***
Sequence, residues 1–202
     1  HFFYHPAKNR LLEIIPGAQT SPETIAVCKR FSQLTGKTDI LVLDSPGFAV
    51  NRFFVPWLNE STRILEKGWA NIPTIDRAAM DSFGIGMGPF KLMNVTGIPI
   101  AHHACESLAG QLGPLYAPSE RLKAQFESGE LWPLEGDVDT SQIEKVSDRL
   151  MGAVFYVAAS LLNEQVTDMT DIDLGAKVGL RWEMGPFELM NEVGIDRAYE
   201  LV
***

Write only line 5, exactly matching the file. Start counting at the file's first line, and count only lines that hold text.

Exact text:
   151  MGAVFYVAAS LLNEQVTDMT DIDLGAKVGL RWEMGPFELM NEVGIDRAYE